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How Many Struggle to Get By in Retirement?

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  • Barbara A. Butrica
  • Dan Murphy
  • Sheila R. Zedlewski

Abstract

The official poverty measure in the United States fails to reflect modern day economic resources and spending needs. The official measure is based only on cash income and does not include in-kind transfers, capital gains and losses, taxes, out-of-pocket health spending, the value of owner-occupied housing, or the potential income from financial assets. Also, the official poverty thresholds that define minimal needs, set back in 1963 and updated to changes in the CPI, do not capture current spending patterns. These shortcomings especially pertain to adults age 65 and older because their resources, needs, and health expenses differ most dramatically from the assumptions reflected in the official measure.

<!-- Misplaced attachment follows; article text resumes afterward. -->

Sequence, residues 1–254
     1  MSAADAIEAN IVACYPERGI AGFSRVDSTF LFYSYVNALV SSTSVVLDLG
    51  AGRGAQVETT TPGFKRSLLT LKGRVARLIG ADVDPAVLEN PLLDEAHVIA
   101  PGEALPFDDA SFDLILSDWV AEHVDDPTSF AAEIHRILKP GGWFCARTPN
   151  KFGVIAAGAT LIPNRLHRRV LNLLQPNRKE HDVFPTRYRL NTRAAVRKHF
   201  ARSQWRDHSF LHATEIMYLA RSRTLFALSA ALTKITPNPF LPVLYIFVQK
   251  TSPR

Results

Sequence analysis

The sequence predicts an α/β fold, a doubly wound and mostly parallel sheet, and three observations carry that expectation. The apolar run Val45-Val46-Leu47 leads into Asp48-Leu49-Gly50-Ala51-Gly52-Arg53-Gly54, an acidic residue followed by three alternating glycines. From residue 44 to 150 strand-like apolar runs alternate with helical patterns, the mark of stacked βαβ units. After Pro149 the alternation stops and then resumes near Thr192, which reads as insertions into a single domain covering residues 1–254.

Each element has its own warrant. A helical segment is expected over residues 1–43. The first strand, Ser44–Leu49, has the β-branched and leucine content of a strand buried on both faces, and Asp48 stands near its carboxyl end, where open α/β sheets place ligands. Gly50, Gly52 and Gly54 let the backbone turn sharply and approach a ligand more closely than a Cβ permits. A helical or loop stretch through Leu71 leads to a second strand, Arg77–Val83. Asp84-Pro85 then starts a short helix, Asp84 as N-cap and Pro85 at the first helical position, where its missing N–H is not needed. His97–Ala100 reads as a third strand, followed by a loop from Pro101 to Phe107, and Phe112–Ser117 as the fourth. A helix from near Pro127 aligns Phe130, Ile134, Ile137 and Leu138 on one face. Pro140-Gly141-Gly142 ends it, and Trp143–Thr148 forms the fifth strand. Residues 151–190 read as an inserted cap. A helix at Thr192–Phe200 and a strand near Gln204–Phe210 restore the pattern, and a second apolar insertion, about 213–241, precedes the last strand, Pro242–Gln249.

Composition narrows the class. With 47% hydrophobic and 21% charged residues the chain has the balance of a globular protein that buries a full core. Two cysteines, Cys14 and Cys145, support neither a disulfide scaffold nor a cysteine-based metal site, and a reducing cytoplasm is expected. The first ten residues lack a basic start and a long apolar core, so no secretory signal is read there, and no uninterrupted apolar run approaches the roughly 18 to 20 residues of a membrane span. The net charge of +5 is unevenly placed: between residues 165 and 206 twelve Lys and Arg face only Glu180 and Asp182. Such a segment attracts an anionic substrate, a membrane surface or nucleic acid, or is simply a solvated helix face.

Suggested Citation

  • Barbara A. Butrica & Dan Murphy & Sheila R. Zedlewski, 2007. "How Many Struggle to Get By in Retirement?," Working Papers, Center for Retirement Research at Boston College wp2007-27, Center for Retirement Research, revised 2007.
  • Handle: RePEc:crr:crrwps:wp2007-27
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    File URL: http://crr.bc.edu/working-papers/how-many-struggle-to-get-by-in-retirement/
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    Cited by:

    1. Christian E. Weller, 2009. "Did Retirees Save Enough to Compensate for the Increase in Individual Risk Exposure?," Working Papers wp206, Political Economy Research Institute, University of Massachusetts at Amherst.
    2. Jan Mutchler & Yao-Chi Shih & Jiyoung Lyu & Ellen Bruce & Alison Gottlieb, 2015. "The Elder Economic Security Standard Index™: A New Indicator for Evaluating Economic Security in Later Life," Social Indicators Research: An International and Interdisciplinary Journal for Quality-of-Life Measurement, Springer, vol. 120(1), pages 97-116, January.

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